Bad Dog on Walks!

by Pam
(Boston)

From Pam... We adopted a 2 year old terrier/border collie mix about a month ago. She showed no signs of aggression at all when we met her - she happily jumped on our laps and played with my son.


We brought her home and she's been a delight -- affectionate and well-behaved. No chewing, only a few accidents.

I work at home 3 days a week and take her to the dog park for at least a half hour a day, where she plays happily and well with the other dogs. She goes to doggie daycare two days a week. Once again, no problems.

However, she is getting increasingly aggressive when we walk her or when someone enters our home. If she sees another dog on the other side of the street, she goes wild, jumping and lunging. Today she even saw a dog she plays with regularly in the dog park and got aggressive with him when they met on the street, growling and nipping.

She leaps up at people walking by, and apparently broke the skin on a dad we know. We assumed that obedience training would address the problem, as she learned to respond to us, but if anything the problem's getting worse, even as she gets better and better at responding at home.

We are at our wit's end. We are working with a trainer, but are now thinking we may need to give her up, though it would break our hearts, as she is such a wonderful dog with us.

Any help you could give would be appreciated. We haven't tried a prong collar yet, which I suppose is our last resort.

Shannon Says...



Hi Pam,

Thanks for your questions! Aggression is often a very stressful and frustrating problem to deal with as an owner.

You often don't know why your dog acts in the way that she does. Obviously, I can't give you an answer to that as it could be any number of reasons.

Obedience training was a good place to start. It sounds as though you are working with an all-positive trainer from what you said. It's not my mission to run down other trainers, and I realize that all-positive training can work.

However, from experience, dogs who are trained using a balanced approach (both rewards and corrections) are more reliable and consistent in their behavior. This is especially so with aggressive dogs.

That being said, a prong collar shouldn't necessarily be the "last resort"! Used properly, there is nothing harmful or inhumane about a prong collar. Just as with any training collar, it should never be tight for longer than one second on your dog's neck.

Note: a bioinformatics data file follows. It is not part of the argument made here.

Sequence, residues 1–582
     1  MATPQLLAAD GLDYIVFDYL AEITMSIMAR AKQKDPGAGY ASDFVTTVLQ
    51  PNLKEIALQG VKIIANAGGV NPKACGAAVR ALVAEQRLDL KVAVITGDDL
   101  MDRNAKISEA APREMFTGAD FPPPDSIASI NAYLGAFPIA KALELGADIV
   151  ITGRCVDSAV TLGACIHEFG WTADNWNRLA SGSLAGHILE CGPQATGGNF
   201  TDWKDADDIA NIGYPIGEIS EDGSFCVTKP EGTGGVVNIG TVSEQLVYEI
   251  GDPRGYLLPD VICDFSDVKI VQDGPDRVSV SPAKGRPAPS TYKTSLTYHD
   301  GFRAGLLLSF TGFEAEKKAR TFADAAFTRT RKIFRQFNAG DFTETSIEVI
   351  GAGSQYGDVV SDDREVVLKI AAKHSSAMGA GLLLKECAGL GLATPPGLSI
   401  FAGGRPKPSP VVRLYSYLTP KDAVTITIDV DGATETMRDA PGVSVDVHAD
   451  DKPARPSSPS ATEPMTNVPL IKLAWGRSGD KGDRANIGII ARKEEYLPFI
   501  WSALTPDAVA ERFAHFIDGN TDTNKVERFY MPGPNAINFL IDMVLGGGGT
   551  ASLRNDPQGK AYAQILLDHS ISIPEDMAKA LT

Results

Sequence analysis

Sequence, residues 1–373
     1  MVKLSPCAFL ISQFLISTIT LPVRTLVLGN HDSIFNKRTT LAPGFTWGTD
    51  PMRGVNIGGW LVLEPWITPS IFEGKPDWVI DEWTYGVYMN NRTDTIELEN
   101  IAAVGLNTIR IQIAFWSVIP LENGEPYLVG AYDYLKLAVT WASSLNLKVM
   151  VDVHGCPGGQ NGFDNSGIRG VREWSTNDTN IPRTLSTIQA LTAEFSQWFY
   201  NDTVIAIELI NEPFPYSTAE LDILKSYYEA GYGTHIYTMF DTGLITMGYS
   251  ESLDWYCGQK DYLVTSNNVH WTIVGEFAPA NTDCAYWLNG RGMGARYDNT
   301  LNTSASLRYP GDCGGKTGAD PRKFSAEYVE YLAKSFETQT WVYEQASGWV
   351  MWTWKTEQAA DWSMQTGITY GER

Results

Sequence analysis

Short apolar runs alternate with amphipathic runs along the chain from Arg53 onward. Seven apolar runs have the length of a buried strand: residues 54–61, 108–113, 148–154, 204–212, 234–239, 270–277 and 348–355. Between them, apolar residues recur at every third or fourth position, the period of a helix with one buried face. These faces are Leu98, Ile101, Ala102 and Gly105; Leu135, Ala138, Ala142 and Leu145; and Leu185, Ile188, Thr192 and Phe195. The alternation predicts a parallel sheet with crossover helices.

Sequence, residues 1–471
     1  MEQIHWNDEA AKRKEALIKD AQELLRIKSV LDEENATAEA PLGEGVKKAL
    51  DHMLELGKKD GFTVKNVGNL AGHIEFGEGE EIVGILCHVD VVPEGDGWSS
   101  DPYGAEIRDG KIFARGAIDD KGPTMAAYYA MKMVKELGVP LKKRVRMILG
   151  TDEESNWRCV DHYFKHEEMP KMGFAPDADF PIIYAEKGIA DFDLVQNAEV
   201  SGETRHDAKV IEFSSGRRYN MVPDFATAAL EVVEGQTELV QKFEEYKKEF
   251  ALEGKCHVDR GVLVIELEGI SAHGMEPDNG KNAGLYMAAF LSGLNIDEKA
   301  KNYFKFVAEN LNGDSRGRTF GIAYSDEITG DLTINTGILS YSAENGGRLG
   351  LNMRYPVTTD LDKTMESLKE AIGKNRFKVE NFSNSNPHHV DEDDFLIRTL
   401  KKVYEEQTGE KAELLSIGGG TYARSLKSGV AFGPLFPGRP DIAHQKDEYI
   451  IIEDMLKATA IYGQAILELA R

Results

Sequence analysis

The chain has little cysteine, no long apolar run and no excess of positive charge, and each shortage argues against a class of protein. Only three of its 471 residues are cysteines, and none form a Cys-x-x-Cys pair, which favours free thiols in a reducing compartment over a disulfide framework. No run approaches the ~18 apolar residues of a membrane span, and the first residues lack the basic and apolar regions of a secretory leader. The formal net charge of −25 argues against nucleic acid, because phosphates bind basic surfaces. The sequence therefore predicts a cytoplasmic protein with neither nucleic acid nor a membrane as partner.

Training Your Dog to Heel


This means that you need to train your dog to heel at your side on walks. Start by having her sit at your left side, while you hold the leash end in your right hand and grasp the leash several inches away from the clasp with your left hand. Say "Rover, heel!" and then begin to walk.

Whenever she gets more than a couple inches ahead of your left ankle, loosen the leash for a split second to create an element of surprise, pop straight back so that the leash goes horizontal with her spine, and then loosen it again.

Remember, just a quick, one second correction! And say nothing when you correct - your actions speak louder than your words.

Your arm should be straight as you correct - don't bend your elbow as you pop back or you'll end up popping on an angle up instead. A great rule of thumb is that you need to pop opposite of the direction that your dog is pulling, lunging, or jumping.

Of course, you need to be just a quick to praise as you are to correct. When she is walking nicely at your side, verbally praise her. If she ignores another dog, praise her!

So what should you do when she lunges at another dog or person while walking her? SAY NOTHING. Simply loosen the leash, pop back fast, firm, and on time, and then loosen the leash again. Remember, pop in the opposite direction she lunges in. If she jumps up on someone, pop down.

Praise her when she stops jumping. It would be a good idea to correct any barking or growling as well. Same idea here - loosen, pop straight up, and loosen the leash again. Praise when she's quiet!

Mastering the heel will go a long way to giving you back control on your walks. I can't emphasize enough how important it is to give a physical leash and collar correction for all of these unwanted behaviors - simply ignoring it or say "no" won't do a thing to make it stop.

Exercise as a Solution

One other thing I wanted to note is that she is probably very high energy (the border collie/terrier mix). The more exercise she gets, the better behaved she will be.

Have you thought of using a treadmill to supplement her daily walks? I have a great article about dog treadmills you can read.

I know it's a lot of work, and it will take a lot of practice, but I also know you can tackle this problem!

Stop looking at the prong collar as a scary last resort, and instead look at it as training wheels for your dog. Training a dog without a training collar is like driving a car without power steering!

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